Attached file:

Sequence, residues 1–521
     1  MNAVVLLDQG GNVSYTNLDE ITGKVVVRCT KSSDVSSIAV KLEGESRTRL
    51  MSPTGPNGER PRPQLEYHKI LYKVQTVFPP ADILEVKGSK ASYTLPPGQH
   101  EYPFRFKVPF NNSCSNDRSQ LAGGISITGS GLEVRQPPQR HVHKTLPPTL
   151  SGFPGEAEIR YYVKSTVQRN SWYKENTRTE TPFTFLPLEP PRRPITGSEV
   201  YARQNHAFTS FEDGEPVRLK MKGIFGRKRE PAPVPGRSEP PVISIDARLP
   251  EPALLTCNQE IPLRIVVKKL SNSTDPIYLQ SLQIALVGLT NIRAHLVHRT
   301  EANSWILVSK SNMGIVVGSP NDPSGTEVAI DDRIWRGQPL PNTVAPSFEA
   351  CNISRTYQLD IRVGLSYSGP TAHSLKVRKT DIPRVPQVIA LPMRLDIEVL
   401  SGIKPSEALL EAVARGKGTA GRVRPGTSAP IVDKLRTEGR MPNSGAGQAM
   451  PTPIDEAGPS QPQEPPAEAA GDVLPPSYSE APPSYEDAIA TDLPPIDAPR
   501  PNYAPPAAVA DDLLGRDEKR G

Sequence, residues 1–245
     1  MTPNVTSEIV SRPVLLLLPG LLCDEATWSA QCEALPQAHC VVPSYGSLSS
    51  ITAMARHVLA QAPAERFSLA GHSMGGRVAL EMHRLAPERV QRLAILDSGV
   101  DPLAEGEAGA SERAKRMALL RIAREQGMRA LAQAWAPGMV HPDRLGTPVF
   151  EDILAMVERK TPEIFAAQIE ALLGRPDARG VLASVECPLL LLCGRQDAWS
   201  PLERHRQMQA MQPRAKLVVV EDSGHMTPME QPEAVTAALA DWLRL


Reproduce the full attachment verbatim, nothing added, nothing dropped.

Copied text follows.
Sequence, residues 1–521
     1  MNAVVLLDQG GNVSYTNLDE ITGKVVVRCT KSSDVSSIAV KLEGESRTRL
    51  MSPTGPNGER PRPQLEYHKI LYKVQTVFPP ADILEVKGSK ASYTLPPGQH
   101  EYPFRFKVPF NNSCSNDRSQ LAGGISITGS GLEVRQPPQR HVHKTLPPTL
   151  SGFPGEAEIR YYVKSTVQRN SWYKENTRTE TPFTFLPLEP PRRPITGSEV
   201  YARQNHAFTS FEDGEPVRLK MKGIFGRKRE PAPVPGRSEP PVISIDARLP
   251  EPALLTCNQE IPLRIVVKKL SNSTDPIYLQ SLQIALVGLT NIRAHLVHRT
   301  EANSWILVSK SNMGIVVGSP NDPSGTEVAI DDRIWRGQPL PNTVAPSFEA
   351  CNISRTYQLD IRVGLSYSGP TAHSLKVRKT DIPRVPQVIA LPMRLDIEVL
   401  SGIKPSEALL EAVARGKGTA GRVRPGTSAP IVDKLRTEGR MPNSGAGQAM
   451  PTPIDEAGPS QPQEPPAEAA GDVLPPSYSE APPSYEDAIA TDLPPIDAPR
   501  PNYAPPAAVA DDLLGRDEKR G

Sequence, residues 1–245
     1  MTPNVTSEIV SRPVLLLLPG LLCDEATWSA QCEALPQAHC VVPSYGSLSS
    51  ITAMARHVLA QAPAERFSLA GHSMGGRVAL EMHRLAPERV QRLAILDSGV
   101  DPLAEGEAGA SERAKRMALL RIAREQGMRA LAQAWAPGMV HPDRLGTPVF
   151  EDILAMVERK TPEIFAAQIE ALLGRPDARG VLASVECPLL LLCGRQDAWS
   201  PLERHRQMQA MQPRAKLVVV EDSGHMTPME QPEAVTAALA DWLRL